Prior to the terrorist listing, Kach in 1984 won a single seat and the openly racist rabbi served as a member until 1988. That year, the Knesset passed a law outlawing the party. Kahane himself was assassinated in 1990. 

The groups he founded, however, continue to pop up in various incarnations, the latest being Otzma Yehudit/Jewish Power. One of the current members of the fringe party, Michael Ben-Ari, was elected to the Knesset for the National Union list in 2009.

Blessed by Netanyahu

The latest union between Jewish Home and Jewish Power would not have attracted much attention had it not been actively encouraged by Netanyahu. The prime minister is reported to have called relatives of members of both parties as well as their rabbis in an effort to ensure the completion of the agreement.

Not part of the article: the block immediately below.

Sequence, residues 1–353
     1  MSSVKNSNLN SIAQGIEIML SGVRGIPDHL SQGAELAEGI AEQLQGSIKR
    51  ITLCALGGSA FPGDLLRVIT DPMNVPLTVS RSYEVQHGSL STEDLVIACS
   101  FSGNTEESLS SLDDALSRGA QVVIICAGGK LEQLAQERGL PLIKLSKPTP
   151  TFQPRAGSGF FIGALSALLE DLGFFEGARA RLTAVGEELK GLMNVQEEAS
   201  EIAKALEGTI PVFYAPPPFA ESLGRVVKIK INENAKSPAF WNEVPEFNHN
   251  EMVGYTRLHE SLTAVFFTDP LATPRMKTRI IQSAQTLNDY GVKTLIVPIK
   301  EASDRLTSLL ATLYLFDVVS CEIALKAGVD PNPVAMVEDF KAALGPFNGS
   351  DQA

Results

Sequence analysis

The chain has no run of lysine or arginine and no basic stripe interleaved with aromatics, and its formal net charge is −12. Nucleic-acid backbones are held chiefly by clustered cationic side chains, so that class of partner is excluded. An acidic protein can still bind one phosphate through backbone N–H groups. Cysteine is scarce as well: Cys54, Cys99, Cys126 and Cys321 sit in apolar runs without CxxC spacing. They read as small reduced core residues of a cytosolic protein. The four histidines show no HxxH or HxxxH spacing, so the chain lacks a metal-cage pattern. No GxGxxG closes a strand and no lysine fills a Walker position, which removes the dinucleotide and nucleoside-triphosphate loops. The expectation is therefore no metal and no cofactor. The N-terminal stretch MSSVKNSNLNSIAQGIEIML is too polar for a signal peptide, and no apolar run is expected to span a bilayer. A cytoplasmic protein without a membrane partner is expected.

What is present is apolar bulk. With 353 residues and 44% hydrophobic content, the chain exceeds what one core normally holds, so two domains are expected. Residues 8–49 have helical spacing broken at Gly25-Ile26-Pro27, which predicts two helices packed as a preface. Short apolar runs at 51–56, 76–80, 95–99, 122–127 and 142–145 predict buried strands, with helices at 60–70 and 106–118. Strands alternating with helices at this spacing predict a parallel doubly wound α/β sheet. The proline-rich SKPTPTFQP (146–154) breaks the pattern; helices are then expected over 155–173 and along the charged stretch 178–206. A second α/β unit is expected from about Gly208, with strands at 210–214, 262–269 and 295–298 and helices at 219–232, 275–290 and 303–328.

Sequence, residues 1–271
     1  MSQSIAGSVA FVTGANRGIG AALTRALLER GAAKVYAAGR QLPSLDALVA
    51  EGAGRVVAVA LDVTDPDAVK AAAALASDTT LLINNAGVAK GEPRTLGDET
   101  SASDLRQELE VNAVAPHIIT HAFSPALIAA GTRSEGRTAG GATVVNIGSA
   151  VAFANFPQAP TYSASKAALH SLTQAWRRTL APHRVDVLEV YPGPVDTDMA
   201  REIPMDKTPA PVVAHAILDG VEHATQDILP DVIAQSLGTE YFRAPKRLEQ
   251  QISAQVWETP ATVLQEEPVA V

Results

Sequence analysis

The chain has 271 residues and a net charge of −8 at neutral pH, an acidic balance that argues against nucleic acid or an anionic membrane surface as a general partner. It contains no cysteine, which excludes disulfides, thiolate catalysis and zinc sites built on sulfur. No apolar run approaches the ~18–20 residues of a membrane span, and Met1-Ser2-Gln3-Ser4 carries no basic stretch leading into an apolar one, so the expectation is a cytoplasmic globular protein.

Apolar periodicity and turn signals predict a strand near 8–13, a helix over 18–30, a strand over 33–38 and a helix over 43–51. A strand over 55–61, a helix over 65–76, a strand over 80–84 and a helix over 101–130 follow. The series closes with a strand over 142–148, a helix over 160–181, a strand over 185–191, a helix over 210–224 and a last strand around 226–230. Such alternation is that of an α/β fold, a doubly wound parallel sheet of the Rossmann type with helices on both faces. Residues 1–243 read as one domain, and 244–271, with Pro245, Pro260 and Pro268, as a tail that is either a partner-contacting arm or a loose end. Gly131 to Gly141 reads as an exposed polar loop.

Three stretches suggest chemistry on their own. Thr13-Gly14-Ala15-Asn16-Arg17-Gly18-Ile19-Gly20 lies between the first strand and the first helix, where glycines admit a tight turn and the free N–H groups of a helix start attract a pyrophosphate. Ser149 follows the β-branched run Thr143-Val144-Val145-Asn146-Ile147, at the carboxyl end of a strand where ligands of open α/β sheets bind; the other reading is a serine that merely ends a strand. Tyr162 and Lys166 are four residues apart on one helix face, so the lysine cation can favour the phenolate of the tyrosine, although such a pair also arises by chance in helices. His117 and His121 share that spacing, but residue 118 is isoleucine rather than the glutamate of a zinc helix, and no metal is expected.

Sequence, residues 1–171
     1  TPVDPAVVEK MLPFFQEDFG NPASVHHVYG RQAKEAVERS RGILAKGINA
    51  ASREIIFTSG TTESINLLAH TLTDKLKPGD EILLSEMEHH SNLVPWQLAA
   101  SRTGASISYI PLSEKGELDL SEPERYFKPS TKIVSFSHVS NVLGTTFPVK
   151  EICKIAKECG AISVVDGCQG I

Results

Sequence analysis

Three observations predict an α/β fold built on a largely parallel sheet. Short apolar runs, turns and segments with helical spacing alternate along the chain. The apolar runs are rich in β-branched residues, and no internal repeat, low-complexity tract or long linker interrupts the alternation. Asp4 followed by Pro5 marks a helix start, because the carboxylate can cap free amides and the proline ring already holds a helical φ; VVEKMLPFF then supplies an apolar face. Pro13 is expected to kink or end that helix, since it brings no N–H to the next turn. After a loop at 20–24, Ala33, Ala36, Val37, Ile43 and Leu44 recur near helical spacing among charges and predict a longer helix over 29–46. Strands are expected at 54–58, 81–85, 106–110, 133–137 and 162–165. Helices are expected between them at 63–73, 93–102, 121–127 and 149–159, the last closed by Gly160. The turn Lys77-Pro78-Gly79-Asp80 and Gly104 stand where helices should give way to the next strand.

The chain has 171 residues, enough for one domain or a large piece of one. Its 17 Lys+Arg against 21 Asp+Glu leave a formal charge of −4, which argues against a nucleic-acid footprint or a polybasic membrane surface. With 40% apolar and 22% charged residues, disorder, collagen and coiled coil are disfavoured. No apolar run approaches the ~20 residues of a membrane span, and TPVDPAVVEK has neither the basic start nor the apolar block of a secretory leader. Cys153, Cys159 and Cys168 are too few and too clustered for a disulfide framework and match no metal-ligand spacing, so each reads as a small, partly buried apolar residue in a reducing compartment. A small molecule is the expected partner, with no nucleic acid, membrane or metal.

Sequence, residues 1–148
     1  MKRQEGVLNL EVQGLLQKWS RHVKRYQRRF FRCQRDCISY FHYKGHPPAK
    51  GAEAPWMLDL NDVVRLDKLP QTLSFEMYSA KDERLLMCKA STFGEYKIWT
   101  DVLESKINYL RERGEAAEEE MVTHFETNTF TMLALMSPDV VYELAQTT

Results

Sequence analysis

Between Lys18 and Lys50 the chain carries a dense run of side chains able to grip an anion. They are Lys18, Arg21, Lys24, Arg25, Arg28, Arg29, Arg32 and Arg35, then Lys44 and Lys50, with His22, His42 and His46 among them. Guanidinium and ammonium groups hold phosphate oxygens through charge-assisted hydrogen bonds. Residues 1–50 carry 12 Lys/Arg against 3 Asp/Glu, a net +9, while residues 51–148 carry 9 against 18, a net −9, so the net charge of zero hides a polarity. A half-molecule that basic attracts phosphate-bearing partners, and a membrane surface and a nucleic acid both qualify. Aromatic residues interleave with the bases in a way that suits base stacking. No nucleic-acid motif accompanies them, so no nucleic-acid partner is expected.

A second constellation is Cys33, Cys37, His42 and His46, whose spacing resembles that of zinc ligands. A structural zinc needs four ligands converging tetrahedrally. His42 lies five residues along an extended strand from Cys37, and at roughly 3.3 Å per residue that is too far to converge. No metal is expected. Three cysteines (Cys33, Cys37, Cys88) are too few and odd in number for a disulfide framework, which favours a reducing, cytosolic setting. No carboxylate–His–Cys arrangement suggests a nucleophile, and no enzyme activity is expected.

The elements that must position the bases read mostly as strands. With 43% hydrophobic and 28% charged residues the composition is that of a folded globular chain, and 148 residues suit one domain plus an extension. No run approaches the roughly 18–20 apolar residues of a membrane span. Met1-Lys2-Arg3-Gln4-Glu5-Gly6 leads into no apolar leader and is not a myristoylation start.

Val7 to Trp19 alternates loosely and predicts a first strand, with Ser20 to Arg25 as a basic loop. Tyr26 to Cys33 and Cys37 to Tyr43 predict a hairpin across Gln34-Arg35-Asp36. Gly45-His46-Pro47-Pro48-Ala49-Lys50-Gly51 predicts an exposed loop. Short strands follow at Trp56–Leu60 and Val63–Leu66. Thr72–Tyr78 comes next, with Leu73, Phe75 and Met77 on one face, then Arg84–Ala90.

In order to close the deal, the prime minister offered each party a “significant and equal” ministerial role in his future government.

He even promised to compensate the Jewish Home party by offering them the 28th spot on the Likud list for one of their members. Achieving this deal was important enough to the prime minister that he canceled a long-sought audience with Russian President Vladimir Putin to tie up the loose ends.

This is a complete change in the outlook of the Likud. Traditionally the ruling party billed itself as a national-liberal party, valuing the promotion of Arab rights. It considered the racist Kahanist ideology morally reprehensible. Previously, when Kahane spoke in the Knesset, Likud lawmakers walked out in protest. Therefore, Netanyahu’s actions shocked and appalled many.